In a comeback almost as unlikely as Diego Maradona returning to the pitch, media mogul Leo Kirch will manage the rights to the Bundesliga from 2009-2015. Will the partnership work this time?
Kirch's former station Premiere currently broadcasts the Bundesliga
The German Soccer League, the DFL, which represents the 36 first and second-division clubs, announced on Tuesday that the Kirch-led company Sirius will sell the domestic broadcast rights to the Bundesliga for six seasons.
The DFL said it set to earn some 3 billion euros ($4.2 billion) from 2009 to 2015 -- or 500 million euros a year -- from the new deal.
The league currently makes 440 million euros per season from a deal allowing the private, pay TV station Premiere to broadcast matches live and state-run television to show highlights. That deal expires in 2009.
Now the DFL is turning to the 80-year-old Kirch in an attempt to boost revenues and catch up with other, richer European leagues such as the English Premiership.
Lessons of History?
Kirch's comeback has amazed all and distressed some
The Bundesliga has been around the block with Kirch before -- with near calamitous results.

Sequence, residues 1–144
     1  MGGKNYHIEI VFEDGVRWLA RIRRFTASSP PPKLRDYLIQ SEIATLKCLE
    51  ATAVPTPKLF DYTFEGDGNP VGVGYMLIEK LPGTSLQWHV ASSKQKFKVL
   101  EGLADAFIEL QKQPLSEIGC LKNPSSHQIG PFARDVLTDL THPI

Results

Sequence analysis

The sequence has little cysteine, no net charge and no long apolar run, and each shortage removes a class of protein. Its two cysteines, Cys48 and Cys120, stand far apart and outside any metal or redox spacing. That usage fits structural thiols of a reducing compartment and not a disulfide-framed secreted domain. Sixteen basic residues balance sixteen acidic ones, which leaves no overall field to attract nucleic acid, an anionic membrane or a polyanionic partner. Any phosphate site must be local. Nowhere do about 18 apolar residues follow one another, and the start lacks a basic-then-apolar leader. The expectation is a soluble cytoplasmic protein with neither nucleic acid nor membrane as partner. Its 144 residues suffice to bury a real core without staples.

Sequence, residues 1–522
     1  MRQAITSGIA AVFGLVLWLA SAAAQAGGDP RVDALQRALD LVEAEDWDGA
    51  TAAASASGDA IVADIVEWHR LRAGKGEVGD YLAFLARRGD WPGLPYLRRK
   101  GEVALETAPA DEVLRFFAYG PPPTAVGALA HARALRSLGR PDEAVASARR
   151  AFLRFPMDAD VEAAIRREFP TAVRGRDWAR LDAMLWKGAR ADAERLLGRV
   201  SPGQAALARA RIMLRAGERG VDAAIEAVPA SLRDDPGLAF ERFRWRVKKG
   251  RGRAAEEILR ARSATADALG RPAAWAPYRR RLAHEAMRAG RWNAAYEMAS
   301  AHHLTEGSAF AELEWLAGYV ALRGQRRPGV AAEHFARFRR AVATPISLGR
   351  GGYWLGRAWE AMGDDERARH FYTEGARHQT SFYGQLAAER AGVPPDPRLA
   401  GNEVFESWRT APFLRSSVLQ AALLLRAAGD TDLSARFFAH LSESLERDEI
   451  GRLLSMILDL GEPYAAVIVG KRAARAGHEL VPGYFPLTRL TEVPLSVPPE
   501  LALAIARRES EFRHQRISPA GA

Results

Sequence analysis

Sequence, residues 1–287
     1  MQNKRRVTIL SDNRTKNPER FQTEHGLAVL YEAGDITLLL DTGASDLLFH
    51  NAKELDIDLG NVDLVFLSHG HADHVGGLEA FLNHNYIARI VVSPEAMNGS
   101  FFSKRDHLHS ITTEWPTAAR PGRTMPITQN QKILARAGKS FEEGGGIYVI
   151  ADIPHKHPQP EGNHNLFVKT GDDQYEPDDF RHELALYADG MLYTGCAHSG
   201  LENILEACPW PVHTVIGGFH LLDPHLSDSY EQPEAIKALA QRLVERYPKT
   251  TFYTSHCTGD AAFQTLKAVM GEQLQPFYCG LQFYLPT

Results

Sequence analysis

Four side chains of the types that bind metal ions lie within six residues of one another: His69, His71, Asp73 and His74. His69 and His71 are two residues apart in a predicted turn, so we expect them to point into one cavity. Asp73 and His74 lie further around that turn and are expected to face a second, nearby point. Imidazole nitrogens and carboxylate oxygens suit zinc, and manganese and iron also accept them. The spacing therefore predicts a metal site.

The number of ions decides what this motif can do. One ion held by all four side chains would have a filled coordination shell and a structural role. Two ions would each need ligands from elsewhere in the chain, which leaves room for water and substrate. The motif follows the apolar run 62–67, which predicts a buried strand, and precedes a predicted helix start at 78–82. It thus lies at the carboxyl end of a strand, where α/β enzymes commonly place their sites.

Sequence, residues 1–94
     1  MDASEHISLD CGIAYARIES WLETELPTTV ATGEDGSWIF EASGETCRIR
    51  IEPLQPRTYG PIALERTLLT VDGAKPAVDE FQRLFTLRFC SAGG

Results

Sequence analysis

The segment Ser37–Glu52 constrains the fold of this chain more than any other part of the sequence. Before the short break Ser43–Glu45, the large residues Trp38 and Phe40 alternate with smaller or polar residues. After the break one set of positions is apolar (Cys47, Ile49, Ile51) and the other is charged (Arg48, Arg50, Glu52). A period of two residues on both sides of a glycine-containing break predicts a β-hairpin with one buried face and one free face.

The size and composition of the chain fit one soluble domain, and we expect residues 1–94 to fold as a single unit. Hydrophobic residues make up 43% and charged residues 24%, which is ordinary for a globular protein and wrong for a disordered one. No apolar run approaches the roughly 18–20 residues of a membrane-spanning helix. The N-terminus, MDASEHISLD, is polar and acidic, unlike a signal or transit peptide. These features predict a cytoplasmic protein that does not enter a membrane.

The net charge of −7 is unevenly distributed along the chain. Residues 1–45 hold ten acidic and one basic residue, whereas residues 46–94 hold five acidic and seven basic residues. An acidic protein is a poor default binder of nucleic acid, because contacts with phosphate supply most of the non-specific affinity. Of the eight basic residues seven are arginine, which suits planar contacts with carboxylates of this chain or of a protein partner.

Kirch founded Premiere, and for much of the 1990s, he owned live broadcast rights to Bundesliga matches.
But the Kirch Media Group repeatedly found itself in financial difficulty and was finally forced to file for bankruptcy in 2002. It was the largest insolvency in post-war German history.
The bankruptcy hit the Bundesliga hard, depriving clubs of millions in planned revenues and driving some deep into debt. The affair became known as the "Kirch Crisis."
The new deal is reportedly covered in full by bank guarantees, although no specific names of financial institutions have been released.
Dortmund, in yellow, was one club badly hit by the "Kirch crisis"
DFL members who approved the deal were generally positive about what Kirch could do for the league.
"It's a quantum leap," Hans-Joachim Watzke, commercial manager of Borussia Dortmund, told the DPA news agency. "I consider Mr. Kirch a visionary entrepreneur who thinks strategically."
But Hamburg voted against the new deal.
"A decision with enormous implications was made under unnecessary time pressure," Hamburg Chairman Bernd Hoffmann told DPA. "The terms presented here didn't convince me."
And fans worry that Sirius, in its efforts to bring in increased revenues, might encroach upon the autonomy of soccer reporting or perhaps even do away with highlight programs on public television.